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Bend <--> Crater Lake on a Single Charge

Discussion in 'Northwest' started by omarsultan, Jun 24, 2016.

  1. omarsultan

    omarsultan Active Member

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    Hey folks:

    Planning a trip up to Bend this August. Anyone have any idea if I can make it from the Bend SC to Crate Lake and back again on a single charge (250 rated miles in out MX P90D). I see there is a destination charger at the Lake, but I want to see if I can make the trip without being dependent on the charger, in case it is busy or dead.

    Thanks,

    O
     
  2. TaoJones

    TaoJones Beyond Driven

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    If this heat keeps up in SoCal, I may be able to tell you in about 2.5 weeks.

    That said, please note that iirc, it's about 33 miles to circumnavigate the lake as well.

    So: 93+93+33 = 219.

    Given that the elevation will net out (deferring to evtripplanner for the specifics), it looks doable at least in an 85 or better.
     
  3. Lyon

    Lyon 2016 S P100DL, 2016 X P90D

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    Also, don't forget that the speed limit on 97 has gone up to 65 in sections. The prevailing traffic speed is probably closer to 70.
     
  4. ohmman

    ohmman Maximum Plaid Member

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    Another backup plan is the free 80A charger at the OIT in Klamath Falls. Not really on the way back to Bend, but an option in case of an emergency.
     
  5. ecarfan

    ecarfan Well-Known Member

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    Did you try entering your trip data into EV Trip Planner ?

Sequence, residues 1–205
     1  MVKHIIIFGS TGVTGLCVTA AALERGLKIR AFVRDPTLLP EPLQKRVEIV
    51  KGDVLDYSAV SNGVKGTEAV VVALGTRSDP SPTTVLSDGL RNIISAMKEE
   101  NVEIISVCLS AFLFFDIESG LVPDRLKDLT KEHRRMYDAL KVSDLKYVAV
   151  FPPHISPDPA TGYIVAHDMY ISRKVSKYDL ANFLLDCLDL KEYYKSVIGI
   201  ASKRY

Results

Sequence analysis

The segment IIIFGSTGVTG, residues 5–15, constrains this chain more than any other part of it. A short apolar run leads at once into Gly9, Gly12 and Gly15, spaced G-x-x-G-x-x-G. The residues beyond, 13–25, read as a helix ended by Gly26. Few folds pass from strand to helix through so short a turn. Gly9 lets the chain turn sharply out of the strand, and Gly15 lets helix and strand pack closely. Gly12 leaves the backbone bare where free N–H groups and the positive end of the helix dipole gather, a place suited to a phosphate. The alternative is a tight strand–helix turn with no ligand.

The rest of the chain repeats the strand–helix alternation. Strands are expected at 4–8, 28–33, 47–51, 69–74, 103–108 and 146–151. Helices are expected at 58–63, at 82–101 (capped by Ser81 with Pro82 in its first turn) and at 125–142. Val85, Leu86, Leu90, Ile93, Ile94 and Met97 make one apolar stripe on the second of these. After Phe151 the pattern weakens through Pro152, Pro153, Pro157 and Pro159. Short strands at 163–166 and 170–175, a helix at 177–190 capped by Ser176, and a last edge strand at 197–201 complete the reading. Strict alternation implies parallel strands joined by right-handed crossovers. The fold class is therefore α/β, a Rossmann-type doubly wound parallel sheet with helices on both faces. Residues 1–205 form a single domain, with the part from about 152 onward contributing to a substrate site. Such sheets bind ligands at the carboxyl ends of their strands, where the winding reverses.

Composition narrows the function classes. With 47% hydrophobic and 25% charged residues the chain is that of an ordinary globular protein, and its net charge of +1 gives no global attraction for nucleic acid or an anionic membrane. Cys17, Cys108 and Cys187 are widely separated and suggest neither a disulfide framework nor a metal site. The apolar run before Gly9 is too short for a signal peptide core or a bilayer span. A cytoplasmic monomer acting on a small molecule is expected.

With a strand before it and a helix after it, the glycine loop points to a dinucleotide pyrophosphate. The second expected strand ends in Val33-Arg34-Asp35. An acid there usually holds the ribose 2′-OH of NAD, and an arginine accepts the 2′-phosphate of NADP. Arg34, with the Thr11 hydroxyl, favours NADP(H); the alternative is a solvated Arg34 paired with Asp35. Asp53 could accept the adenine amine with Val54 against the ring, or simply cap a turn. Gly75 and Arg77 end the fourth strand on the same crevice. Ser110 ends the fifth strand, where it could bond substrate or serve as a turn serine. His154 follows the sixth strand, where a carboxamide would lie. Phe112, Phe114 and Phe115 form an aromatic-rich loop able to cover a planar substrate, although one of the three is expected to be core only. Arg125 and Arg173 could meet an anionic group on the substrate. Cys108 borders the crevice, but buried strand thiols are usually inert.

6. omarsultan

    omarsultan Active Member

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    I have. The site pegs it at ~200 RM (roundtrip) to the north side of the lake modeling a Model S P90D w/21s. I only have a couple of long road trips under my belt with the MX and don't have a good feel for my real world range, so trying to do due diligence.
     
  7. rhumbliner

    rhumbliner Member

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    And you're keeping in mind that you can re-charge at Mazama campground on the south side of the lake? We used that charger last week. Also, be forewarned the loop drive was not yet open on the SE portion -- snow hasn't melted yet.
     
  8. ncktckr

    ncktckr Member

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    I picked up my P90D X last week in Fremont and drove up thru Crater Lake and to Bend. While I can't comment on Bend -> Crater Lake -> Bend, I will say that I was sweating the range anxiety quite a bit during this portion of my return trip to WA.

    My last Supercharger stop was Mt. Shasta in CA (charged to 100%), and going from there to Klamath Falls left me with about 40% charge; if I didn't luck out with having the single destination charger free at Running Y, I'd have had to slink over to Grants Pass and give up on the Crater Lake portion of my trip. With a full charge leaving Klamath Falls in the morning, we made it up to Crater Lake, around the west rim, and up to Bend's Supercharger with about 9% charge remaining. The drive between Klamath Falls and Crater Lake was about an hour and a half with a lot of climbing, so the battery drain was expected; the leg from Crater Lake to Bend was mostly downhill and flat so I felt uneasy but comfortable making it.

    A few things I learned during this portion of the trip: